We don’t know the amount of Ron’s scholarship—it varied from person to person. We also don’t know if he received a two-year or a four-year scholarship, but, of course, that didn’t matter anyway, given the way things played out for him. As for the fund itself, in 1952, it totaled roughly $4300, which was split by all the overlapping recipients over a given academic year (18-ish, per a 1953 article). Ron’s piece of the pie would have likely been in the neighborhood of at least a couple hundred dollars a year. Possibly more.

But here’s my point: it seemed to be enough. Ron seemed to be getting along just fine during his freshman year between his scholarship and the caddying and city work over the summer and vacation breaks. He didn’t have his other sources of income yet—the Campus Owls, the residence hall counseling, the blood donations—until his sophomore year. And the university’s loan program didn’t apply to freshmen.

Richard, on the other hand, didn’t receive the caddie scholarship. I know that, because I have the newspaper article announcing the recipients for 1952-53 on my hot little hard drive. And yet, at a time when he seemed to be surviving with only the income from his summer caddying job, Ron was working more than ever, doing all of the above. And here’s the kicker: with all of Ron’s sources of income, including the loans, and with few living expenses other than his car, you’d think that he would have saved more. But all he had in his checking account when he disappeared was a little over $87. And he still owed the university for most of his dining hall fees plus that $100 loan.

Do I intend to continue following the money? Oh, you betcha. I’m currently attempting to obtain Richard’s Social Security earnings report for the years 1952-1954, and, while I’m at it, I think I’ll ask them for Ron’s entire earnings report just to see what they do. But the Social Security Administration is almost as difficult as the CIA when trying to obtain FOIA records. There are other sources I’ll be reaching out to as well. I’ll let you know how things go.

Now, at the beginning of this post I promised to reveal something I’ve been holding back about Richard, and here it is: when Richard died in an apartment fire on October 23, 2004, he was heavily armed. Not only that, but at least some of his weapons were potentially—and I’m going to say probably—illegal.

As it so happens, Richard had two Smith and Wesson guns in his possession when he died. One was a 9 mm semi-automatic pistol and the other was a 40-caliber semi-automatic handgun. Now, this may surprise you, but I’m not a gun person. In fact, the above sentence reveals the extent of my knowledge regarding Richard’s taste in guns. At this point, let’s just say that they’re both lethal. Also, did a 69-year-old guy with health issues living in an apartment for seniors really need that kind of weaponry to defend his hearth and home? Me thinks not.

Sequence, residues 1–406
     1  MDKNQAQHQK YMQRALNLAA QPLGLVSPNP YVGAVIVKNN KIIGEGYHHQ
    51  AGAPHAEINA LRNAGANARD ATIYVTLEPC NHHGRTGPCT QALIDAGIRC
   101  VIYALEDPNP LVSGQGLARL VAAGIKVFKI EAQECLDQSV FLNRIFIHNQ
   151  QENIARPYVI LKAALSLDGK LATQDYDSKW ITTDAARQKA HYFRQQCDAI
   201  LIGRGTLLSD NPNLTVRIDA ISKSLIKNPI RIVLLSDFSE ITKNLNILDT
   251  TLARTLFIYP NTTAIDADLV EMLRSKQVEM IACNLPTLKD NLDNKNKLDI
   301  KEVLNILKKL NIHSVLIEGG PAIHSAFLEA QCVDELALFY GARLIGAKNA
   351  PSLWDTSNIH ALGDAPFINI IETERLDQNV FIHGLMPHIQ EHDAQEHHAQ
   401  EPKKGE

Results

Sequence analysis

But what was most interesting about Richard’s firearms stash—and what gave at least one of the investigating police officers pause—was the ammunition. The pistol, which was found in the fire debris, was loaded with what appears to be 15 cartridges, though there are inconsistencies in that report. More clearly stated was what investigators had later found: another three magazines—two .40 caliber and one 9 mm—that were each fully loaded with 15 cartridges. For the non-gun afficionados, anything over 10 cartridges in one magazine is considered a “high-capacity magazine,” which was prohibited during the years 1994-2004 by the federal Violent Crime Control and Law Enforcement Act. Here’s what the Giffords Law Center says on this topic:

“In 1994, Congress adopted the Violent Crime Control and Law Enforcement Act, making it unlawful to transfer or possess a “large capacity ammunition feeding device” not lawfully possessed on or before the law’s enactment.12 The law also banned the manufacture, transfer, and possession of semi-automatic assault weapons. See our summary on Assault Weapons for more information. The law was adopted with a sunset clause, however, and expired in 2004, despite overwhelming public support for its renewal. Thus, large capacity ammunition magazines and assault weapons that were formerly banned under the federal law are now legal unless banned by state or local law.”

Here’s the report on the semi-automatic pistol and ammunition. Although the description says “FIVE ROUNDS RUGER 9MM AMMUNITION,” the quantity (see red arrow) says 15, plus the narrative referred to “15 HOURS of ammunition,” which was probably meant to be 15 rounds. In my conversation with the officer, he also referred to 15 rounds (or bullets or cartridges), so I believe the “five rounds” is a mistake. Nevertheless, it’s a discrepancy, which is why I present it this way.